Could a Drug Be the Solution to Obesity?

British researchers have discovered a protein in the endothelial lining of human blood vessels that acts as an exercise sensor.

Obesity rates have risen drastically in the last three decades. According to the WHO, worldwide obesity has more than doubled since 1980, with more than 13% of the world’s population being overweight and obese. More than 600 million adults fall into the fully “obese” category (BMI greater than 30). Pretty terrifying statistics, aren’t they?

But what if a drug could solve the obesity problem by promoting weight loss with just a small amount of exercise? According to a study from the University of Leeds, there may be hope for the future.

The British researchers have discovered a protein in the endothelial lining of human blood vessels that acts as an exercise sensor. In response to the increased blood flow caused by exercise, the protein—known as Piezo1—alters the endothelial electrical balance and constricts the blood vessels leading to the digestive tract. This stops blood from flowing to the intestines and stomach, sending more blood to the muscles used for exercise as well as the brain.

According to the professor leading the study, “One of our ideas is that Piezo1 has a special role in controlling blood flow to the intestines and this is an important part of the body when we start to think about something called the metabolic syndrome which is associated with cardiovascular disease and type 2 diabetes.”

A Step Closer to Having a Drug That Can Help Control Major Chronic Conditions

The researchers have developed a drug labeled Yoda1, which can affect the Piezo1 in the blood vessels around the intestines. The fact that the drug targets these specific blood vessels could “overcome some of the problems of diabetes and perhaps this Yoda1 compound could target the Piezo1 in the intestinal area to have a functional effect.”

Let’s get one thing clear: this is not a total fix for obesity. It’s not going to magically combat weight gain caused by overeating or lack of exercise. What it could do, however, is increase the benefits of exercise by helping your cardiovascular system work more effectively.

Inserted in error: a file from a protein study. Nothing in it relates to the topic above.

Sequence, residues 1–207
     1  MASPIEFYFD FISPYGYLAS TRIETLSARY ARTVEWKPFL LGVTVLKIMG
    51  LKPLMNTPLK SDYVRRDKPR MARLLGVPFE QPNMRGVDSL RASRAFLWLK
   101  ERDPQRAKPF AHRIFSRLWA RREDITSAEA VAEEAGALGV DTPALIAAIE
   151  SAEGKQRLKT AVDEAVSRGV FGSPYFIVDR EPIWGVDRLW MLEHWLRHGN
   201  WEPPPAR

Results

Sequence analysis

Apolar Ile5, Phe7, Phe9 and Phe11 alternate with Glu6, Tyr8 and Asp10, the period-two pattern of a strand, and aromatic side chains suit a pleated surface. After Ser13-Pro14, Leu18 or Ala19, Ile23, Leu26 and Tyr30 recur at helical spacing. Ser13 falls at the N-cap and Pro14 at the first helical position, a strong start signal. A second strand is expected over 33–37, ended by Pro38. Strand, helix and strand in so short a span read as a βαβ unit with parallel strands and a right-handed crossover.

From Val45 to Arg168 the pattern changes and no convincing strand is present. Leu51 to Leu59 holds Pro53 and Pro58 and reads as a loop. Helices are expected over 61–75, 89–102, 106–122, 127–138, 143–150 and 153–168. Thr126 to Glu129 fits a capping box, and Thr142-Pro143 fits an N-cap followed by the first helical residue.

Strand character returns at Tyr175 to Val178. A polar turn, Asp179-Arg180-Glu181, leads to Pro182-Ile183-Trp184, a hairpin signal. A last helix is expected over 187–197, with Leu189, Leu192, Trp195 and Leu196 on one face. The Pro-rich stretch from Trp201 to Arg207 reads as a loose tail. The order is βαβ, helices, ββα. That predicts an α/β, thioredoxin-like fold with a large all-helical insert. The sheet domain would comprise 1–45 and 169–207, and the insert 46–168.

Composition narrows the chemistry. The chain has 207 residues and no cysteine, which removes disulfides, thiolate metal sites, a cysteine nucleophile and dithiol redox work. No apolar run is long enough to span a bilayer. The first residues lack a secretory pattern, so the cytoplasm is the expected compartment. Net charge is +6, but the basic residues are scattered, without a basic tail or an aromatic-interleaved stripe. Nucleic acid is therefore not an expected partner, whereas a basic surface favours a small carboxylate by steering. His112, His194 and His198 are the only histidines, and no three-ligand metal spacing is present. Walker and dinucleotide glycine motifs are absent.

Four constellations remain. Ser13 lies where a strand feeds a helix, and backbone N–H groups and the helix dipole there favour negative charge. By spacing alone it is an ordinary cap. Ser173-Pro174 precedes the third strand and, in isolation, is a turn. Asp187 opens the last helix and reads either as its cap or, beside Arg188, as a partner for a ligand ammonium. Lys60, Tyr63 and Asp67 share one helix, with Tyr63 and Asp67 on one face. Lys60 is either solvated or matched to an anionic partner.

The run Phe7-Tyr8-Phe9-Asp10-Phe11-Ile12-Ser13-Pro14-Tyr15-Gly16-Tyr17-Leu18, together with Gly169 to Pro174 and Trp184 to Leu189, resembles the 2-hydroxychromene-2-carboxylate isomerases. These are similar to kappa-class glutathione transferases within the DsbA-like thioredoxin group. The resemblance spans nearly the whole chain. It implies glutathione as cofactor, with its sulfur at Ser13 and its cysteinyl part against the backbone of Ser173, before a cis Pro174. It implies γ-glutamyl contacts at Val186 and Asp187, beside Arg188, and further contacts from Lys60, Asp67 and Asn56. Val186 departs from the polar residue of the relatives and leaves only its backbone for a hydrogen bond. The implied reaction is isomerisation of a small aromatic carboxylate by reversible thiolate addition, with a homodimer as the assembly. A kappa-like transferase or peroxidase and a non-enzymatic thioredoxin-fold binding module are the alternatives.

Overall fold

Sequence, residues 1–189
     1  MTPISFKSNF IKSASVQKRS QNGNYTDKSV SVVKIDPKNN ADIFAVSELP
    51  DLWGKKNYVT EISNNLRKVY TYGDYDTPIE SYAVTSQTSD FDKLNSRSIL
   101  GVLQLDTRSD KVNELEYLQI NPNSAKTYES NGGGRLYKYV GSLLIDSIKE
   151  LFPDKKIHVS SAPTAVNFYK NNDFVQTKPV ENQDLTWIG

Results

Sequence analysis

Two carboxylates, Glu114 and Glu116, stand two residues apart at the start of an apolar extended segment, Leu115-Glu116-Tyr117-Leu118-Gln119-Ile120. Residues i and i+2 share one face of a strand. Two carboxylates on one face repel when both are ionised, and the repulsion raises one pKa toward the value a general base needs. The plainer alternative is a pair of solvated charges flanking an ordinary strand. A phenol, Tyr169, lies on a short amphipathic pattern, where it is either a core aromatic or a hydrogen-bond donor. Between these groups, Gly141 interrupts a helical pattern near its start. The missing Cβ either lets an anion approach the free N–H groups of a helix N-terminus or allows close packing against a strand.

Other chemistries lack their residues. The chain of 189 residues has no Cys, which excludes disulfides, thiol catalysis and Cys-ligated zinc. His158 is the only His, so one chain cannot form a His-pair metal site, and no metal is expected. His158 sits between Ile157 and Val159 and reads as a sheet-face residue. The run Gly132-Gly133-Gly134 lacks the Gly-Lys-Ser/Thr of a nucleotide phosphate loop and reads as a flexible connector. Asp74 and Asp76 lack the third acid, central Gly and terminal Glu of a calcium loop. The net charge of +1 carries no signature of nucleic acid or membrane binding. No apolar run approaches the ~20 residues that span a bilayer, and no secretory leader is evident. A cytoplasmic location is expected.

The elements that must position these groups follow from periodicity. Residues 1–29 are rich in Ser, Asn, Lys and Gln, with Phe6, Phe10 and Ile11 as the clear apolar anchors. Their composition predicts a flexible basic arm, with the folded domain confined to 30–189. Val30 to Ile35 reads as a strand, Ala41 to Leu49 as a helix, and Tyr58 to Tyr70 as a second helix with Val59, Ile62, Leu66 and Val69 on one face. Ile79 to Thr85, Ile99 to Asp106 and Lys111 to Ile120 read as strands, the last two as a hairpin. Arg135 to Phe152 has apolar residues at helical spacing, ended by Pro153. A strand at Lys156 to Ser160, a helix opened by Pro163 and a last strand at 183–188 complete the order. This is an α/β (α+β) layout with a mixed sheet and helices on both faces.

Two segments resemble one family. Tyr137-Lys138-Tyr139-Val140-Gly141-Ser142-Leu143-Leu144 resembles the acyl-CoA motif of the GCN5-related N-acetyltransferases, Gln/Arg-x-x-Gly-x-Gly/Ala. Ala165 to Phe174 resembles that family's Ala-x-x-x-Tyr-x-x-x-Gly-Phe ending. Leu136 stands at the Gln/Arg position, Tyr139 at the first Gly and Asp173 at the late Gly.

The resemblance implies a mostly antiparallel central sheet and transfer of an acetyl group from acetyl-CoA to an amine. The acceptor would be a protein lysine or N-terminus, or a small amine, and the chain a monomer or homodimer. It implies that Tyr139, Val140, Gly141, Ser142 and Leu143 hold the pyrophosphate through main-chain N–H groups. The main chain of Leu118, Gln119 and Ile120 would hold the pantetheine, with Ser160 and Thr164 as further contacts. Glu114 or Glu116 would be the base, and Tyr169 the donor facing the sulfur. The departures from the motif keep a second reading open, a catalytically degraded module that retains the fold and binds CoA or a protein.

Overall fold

When you exercise, your heart sends blood all around your body, keeping all the organs, internal functions, and muscles fueled with oxygen and nutrients. By reducing blood flow to your intestines, this drug could help to focus all the circulation in the body parts you’re using for exercise. This could lead to more efficient muscle oxygenation, as well as better energy-efficiency. Ultimately, it could enhance the effects of even low-intensity exercise, encouraging better weight loss results with less effort.

It could be one huge step forward in the fight against obesity and diabetes. As the researchers claim, “It may be that by understanding the working of the Yoda1 experimental molecule on the Piezo1 protein, we can move a step closer to having a drug that can help control some major chronic conditions.”


1. Baptiste Rode, Jian Shi, Naima Endesh, Mark J. Drinkhill, Peter J. Webster, Sabine J. Lotteau, Marc A. Bailey, Nadira Y. Yuldasheva, Melanie J. Ludlow, Richard M. Cubbon, Jing Li, T. Simon Futers, Lara Morley, Hannah J. Gaunt, Katarzyna Marszalek, Hema Viswambharan, Kevin Cuthbertson, Paul D. Baxter, Richard Foster, Piruthivi Sukumar, Andrew Weightman, Sarah C. Calaghan, Stephen B. Wheatcroft, Mark T. Kearney, David J. Beech. “Piezo1 channels sense whole body physical activity to reset cardiovascular homeostasis and enhance performance.” Nature Communications, 2017; 8 (1) DOI: 10.1038/s41467-017-00429-3.